Over the past four months, many of the Western world’s largest banking institution websites have been under attack by a well-organized and funded cyber “brigade” that is allegedly part of the US-branded terrorist group “Izz ad-Din al-Qassam” – the military arm of Hamas. Aside from the publicly-stated political agenda motivating the attacks, little else was known about how the attacks were being carried out. Security analysts believed that rather than using large numbers of zombified consumer computers, this series of attacks were actually being powered by a smaller number of more-powerful webservers.
Security firm Incapsula confirmed this theory after recently discovering that a single UK webserver was behind a most recent attack on PNC, HSBC and Fifth Third banking websites. The server had been compromised with a simple backdoor program that allowed a remote operator to launch DDoS-style attacks using a simple, light-weight interface that may have been operating for months unbeknownst to the host or the server’s legitimate admin. Even though it was a single, relatively small server, it was capable of crippling websites of major financial institutions.
What this means for you:
The server in question wasn’t compromised using some sophisticated exploit, brute force attack or clever social engineering. According to Incapsula, the server was using an easily guessable admin password that resulted in an effortless and undetectable security breach. As consumer technology has become more accessible, so have server-class platforms that can be rented out by anyone with a credit card, and typically can be set up in minutes with only a rudimentary knowledge of server administration. This results in situations that look a lot like handing a powerful weapon to someone who has only been given very basic instructions on which end to hold and which end to point at the target. However, in the hands of a skilled hacker, a small “team” of compromised webservers is the equivalent of having a small special forces team operating behind enemy lines. Bottom line – if you have servers in your technology portfolio that aren’t being managed properly, your own technology might be waging an invisible war right under your nose.
Image courtesy of “renjith krishnan” / FreeDigitalPhotos.net
Several prominent multinational banks suffered website and online banking service disruptions over the previous two weeks as the result of focused and highly sophisticated cyber attacks. Apparently led by Middle-Eastern “Hackivists” groups in response to the “Innocence of Muslims” YouTube video controversy, researchers have indicated that unlike attacks seen in previous years, this series of attacks were well planned, highly organized and of sufficient force to have even taken down hardened and secure telecom companies who are well-versed in handling the Denial of Service attacks that are typically experienced. In these most recent attacks, the hacktivists used zombified user PC’s as well as thousands of compromised webservers to shut down bank websites for hours, and sometimes days at a time.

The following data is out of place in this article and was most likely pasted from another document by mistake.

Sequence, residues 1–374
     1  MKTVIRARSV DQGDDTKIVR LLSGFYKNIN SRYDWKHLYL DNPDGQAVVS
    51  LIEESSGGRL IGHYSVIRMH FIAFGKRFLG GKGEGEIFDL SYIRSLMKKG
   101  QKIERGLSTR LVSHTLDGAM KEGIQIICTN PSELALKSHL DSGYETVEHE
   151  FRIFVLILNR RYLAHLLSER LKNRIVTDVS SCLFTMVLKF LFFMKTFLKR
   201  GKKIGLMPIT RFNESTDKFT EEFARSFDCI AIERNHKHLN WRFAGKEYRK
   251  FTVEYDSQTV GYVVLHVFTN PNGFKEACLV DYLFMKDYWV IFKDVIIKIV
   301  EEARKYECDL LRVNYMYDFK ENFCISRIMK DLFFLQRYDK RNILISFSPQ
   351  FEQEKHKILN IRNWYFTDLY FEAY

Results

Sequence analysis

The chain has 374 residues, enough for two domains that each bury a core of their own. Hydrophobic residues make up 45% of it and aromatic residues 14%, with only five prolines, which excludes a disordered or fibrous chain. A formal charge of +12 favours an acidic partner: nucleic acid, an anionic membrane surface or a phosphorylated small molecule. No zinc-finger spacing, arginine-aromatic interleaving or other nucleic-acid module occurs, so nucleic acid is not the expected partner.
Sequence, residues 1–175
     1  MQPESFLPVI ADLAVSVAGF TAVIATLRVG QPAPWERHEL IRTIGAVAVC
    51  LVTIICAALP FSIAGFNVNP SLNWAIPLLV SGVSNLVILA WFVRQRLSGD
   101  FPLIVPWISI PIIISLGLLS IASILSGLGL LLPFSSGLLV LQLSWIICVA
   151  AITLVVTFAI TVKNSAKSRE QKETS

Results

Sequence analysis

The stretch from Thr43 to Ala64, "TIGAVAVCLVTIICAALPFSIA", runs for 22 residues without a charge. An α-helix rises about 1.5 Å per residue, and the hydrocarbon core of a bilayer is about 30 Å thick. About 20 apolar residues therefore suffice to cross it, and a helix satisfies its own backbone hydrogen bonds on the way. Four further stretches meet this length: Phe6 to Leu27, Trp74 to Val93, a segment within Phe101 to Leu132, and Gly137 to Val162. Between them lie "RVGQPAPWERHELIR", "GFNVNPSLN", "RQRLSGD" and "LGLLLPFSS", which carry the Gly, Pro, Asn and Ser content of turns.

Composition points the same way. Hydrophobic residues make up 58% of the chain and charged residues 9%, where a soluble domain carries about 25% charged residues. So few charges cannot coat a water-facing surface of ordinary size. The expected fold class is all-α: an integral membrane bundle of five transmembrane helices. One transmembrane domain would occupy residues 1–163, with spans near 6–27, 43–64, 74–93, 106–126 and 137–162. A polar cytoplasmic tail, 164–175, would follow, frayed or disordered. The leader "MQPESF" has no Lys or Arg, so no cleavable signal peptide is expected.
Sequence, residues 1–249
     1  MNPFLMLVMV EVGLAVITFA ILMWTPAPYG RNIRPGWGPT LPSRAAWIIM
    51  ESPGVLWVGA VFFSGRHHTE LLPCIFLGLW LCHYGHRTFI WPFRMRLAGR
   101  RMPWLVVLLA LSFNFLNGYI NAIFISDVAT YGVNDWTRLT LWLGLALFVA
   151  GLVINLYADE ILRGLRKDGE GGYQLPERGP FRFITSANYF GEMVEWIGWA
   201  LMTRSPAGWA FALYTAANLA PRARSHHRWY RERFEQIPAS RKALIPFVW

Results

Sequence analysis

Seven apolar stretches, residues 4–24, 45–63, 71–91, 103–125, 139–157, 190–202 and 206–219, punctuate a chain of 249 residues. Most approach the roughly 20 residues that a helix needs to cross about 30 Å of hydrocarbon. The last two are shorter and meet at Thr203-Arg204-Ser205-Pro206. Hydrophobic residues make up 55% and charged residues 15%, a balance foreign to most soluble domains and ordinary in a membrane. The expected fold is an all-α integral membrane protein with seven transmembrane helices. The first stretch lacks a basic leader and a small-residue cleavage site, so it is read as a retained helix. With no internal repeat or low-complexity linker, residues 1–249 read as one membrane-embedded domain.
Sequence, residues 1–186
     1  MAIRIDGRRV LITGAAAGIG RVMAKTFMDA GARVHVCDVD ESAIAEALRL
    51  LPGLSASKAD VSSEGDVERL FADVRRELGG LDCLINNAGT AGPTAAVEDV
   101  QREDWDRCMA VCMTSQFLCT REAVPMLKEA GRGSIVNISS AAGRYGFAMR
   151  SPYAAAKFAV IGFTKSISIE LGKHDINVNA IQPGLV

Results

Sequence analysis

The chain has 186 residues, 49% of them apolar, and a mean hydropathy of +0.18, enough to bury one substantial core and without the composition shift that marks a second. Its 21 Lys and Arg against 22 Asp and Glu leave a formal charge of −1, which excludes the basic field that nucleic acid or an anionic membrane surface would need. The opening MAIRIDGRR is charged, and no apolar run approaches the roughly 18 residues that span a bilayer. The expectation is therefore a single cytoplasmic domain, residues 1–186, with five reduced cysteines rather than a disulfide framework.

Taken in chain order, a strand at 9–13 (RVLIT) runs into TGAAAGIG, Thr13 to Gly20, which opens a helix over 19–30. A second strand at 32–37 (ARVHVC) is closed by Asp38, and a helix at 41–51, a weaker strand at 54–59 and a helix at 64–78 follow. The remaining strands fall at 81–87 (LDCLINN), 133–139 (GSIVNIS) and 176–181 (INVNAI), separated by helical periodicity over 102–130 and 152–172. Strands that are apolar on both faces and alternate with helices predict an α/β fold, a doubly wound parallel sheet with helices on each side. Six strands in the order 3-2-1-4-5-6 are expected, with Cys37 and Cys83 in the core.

What this means for you:
Zombified PC’s are no good to their handlers if they are detected and sanitized before they can be “rented” out, and as such, the most effective malware infection is often one that exists quietly on your technology until it is called into service. Obviously, this could result in your computers or servers, previously well-behaved and performing normally, suddenly acting up and running slowly, usually at the most inconvenient time for you and your business. Always make sure your anti-malware software is installed, updated and working properly.
Keep in mind that it’s even possible for website engines to become compromised and used as a zombie. Unless you tend to your site regularly, it’s possible for it to become compromised without you even noticing – that is until a customer visits your website, notices something wrong, and takes the time to report it to you instead of moving on to something else. Not sure if your computers or servers are secure? Give C2 a call and let us put your mind (and business) at ease!
Image courtesy of Stuart Miles / FreeDigitalPhotos.net